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India's NOVEMBER Festivities

The November festivals of India are the other versions of the foundation of faith; faith in the religious harmony and faith in the prosperous future of the nation as manifested by its children. November is an excellent month to visit India as the weather starts becoming cooler and dryer. Here’s the best of what’s on in November in India .


  Children's Day celebrations

Children’s day is a special day for the children. Universally, Children’s Day is celebrated on 20th November, every year as declared by the United Nations in 1954. But in India it is celebrated on 14th November, because the date marks the birth anniversary of legendary freedom fighter and independent India’s first Prime Minister – Pandit Jawaharlal Nehru. As a tribute to Nehru and his love for children, Children’s Day is celebrated on his birth date. This day reminds to each and every one of us, to renew our commitment to the welfare of children and teach them to live by their Chacha Nehru’s quality and dream. For children, it is a day of much fun and fanfare. On this day, various departments of government announce various schemes and organize various competitions and events for the children. Most schools have cultural programmes for the day. All over the country, various cultural, social and even corporate institutions conduct competitions for children. Children celebrate the day with singing, dancing and storytelling in schools and colleges. This day parent and teachers send cards to their children.


  Devotee worshiping Durga on the eve of Navratri

Guru Nanak Dev, the founder of the Sikh faith was born in 1469 A.D. in the village of Talwandi in Lahore, Pakistan. Guru Nanak Dev Jayanti marks the birth anniversary of the founder of the Sikh religion. Guru Nanak Jayanti is marked by prabhat pheris or early morning processions that begins from the Gurudwaras and then moves to different localities singing hymns or shabads. Usually two days before the birthday of Guru Nanak, ‘Akhand Path’ or forty eight hour non-stop reading of the holy book of the Sikhs, Guru Granth Sahib is carried on at the Gurudwaras. A procession is carried out on the day before his birthday which is led by the Panj Pyaras (five beloved ones). Sikh flag, or the Nishan Sahib and the Palki (palanquin) of Sri Guru Granth Sahib are taken out in the procession. The procession also includes a group of singers singing hymns in praise of Guru Nanak and Gatka teams displaying their showmanship through martial arts. The langar (special community lunch) along with ‘Karah Prasad’ is offered to men and women of all communities at the Gurudwaras.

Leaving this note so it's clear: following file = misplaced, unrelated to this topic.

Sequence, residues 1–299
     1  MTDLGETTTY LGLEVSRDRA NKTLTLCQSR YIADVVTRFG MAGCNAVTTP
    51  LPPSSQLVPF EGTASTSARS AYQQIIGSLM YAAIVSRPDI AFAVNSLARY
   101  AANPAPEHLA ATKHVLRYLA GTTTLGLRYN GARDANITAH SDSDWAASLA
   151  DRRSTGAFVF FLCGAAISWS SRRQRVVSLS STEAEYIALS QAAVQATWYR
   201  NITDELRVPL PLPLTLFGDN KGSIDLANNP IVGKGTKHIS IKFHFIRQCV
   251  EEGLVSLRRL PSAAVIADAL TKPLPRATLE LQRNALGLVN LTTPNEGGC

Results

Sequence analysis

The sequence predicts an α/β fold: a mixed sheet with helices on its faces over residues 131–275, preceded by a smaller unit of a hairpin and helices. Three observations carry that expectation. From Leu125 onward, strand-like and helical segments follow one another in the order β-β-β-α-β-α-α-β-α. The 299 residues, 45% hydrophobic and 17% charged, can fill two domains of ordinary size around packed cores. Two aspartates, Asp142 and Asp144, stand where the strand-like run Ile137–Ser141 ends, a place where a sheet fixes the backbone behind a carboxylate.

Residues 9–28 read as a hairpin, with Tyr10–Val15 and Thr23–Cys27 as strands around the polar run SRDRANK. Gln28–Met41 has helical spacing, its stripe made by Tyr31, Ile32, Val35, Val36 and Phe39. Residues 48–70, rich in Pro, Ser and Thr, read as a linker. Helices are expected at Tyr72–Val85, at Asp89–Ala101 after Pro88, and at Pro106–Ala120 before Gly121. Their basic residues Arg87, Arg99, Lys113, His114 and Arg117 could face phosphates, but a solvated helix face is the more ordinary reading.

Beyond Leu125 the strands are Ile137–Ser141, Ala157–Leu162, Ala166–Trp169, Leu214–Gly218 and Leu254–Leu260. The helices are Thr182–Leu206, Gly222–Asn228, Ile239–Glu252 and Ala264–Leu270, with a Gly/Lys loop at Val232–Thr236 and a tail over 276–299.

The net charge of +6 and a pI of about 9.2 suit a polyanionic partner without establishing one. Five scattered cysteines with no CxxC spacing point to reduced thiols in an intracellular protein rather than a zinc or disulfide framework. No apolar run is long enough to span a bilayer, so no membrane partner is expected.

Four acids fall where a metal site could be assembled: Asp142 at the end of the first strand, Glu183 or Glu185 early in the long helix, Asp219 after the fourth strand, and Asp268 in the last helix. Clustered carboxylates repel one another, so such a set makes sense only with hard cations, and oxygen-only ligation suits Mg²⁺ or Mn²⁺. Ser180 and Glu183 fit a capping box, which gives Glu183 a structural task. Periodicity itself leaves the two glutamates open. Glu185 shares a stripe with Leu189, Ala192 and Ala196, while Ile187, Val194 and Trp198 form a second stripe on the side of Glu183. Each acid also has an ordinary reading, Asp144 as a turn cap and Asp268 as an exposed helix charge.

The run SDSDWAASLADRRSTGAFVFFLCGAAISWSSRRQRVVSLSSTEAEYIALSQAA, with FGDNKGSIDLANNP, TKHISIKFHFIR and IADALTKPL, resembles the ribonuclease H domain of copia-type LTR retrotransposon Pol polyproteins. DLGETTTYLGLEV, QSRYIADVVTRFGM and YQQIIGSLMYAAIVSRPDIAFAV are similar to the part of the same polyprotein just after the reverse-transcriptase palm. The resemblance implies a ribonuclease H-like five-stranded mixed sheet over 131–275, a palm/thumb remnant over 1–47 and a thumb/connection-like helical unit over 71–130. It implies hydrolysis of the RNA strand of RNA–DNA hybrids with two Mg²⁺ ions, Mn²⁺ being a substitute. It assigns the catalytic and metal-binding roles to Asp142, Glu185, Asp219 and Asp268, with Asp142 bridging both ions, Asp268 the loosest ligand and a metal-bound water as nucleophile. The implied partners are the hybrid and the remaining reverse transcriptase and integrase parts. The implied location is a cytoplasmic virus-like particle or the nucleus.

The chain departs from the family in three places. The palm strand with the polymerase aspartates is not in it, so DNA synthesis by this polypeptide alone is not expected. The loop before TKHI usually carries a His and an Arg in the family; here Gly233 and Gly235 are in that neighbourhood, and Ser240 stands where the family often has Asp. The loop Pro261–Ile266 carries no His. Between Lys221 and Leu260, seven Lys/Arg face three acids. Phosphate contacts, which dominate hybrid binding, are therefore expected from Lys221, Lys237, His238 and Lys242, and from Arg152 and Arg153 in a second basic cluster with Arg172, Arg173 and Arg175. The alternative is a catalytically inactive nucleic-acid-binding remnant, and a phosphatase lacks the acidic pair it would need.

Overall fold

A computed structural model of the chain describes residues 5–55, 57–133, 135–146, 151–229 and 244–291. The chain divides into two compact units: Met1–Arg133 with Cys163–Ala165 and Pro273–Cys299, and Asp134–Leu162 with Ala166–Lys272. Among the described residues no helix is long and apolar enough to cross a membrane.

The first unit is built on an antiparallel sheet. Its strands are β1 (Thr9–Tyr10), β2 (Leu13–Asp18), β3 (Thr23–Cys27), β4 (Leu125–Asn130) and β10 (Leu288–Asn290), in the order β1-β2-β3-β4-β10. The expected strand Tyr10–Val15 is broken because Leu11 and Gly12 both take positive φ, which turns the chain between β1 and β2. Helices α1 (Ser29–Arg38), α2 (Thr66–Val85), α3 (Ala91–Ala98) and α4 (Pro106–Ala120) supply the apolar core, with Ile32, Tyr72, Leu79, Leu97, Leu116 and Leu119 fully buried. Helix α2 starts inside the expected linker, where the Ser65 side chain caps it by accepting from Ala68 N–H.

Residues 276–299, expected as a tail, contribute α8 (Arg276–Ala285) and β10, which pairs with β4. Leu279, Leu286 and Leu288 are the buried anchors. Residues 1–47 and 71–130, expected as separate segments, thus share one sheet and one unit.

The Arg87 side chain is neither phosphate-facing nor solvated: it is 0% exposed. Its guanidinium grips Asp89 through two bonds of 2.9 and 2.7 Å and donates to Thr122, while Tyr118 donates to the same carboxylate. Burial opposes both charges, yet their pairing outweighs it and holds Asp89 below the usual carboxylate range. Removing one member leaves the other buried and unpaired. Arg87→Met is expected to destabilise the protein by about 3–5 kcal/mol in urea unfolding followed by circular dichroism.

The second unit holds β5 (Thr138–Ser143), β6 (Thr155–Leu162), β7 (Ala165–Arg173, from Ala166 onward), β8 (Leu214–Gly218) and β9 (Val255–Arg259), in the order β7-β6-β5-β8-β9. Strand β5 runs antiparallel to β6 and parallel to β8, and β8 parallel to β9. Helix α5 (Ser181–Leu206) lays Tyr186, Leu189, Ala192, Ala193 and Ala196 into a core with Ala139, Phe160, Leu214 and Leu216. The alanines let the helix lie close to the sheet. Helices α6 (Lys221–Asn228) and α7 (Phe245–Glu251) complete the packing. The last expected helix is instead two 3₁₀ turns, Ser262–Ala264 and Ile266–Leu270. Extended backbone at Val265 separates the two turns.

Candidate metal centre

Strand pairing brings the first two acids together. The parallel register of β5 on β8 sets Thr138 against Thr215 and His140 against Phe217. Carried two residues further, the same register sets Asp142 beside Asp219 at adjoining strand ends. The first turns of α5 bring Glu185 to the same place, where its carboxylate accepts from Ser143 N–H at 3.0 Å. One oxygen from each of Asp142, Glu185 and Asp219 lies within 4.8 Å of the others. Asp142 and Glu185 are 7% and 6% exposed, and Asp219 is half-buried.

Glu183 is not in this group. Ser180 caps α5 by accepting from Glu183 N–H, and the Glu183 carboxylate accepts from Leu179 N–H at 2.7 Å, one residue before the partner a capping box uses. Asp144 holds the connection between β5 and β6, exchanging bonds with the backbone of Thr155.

Worshipping Lord Vishnu during Kartik Purnima

Kartik Purnima Festival is one of the most important religious festivals in November, observed on the full moon day of the Kartik month. The mythological belief says that gods and goddesses descend from heaven and reside by the Ganges on this auspicious day. People celebrate with prayers, offerings to the God and a holy bath in the Ganges. Also known as ‘Tripuri Purnima’ or ‘Tripurari Purnima’, the festival is a celebration of Lord Shiva’s victory over the demon, Tripurasara. This festival is also celebrated in honour of Lord Vishnu. On this day, he had incarnated as Matsya, which is his very first avatar. The significance of this festival increases when it falls in the Nakshatra Krittika (lunar mansion). This is when it is called Maha Kartik.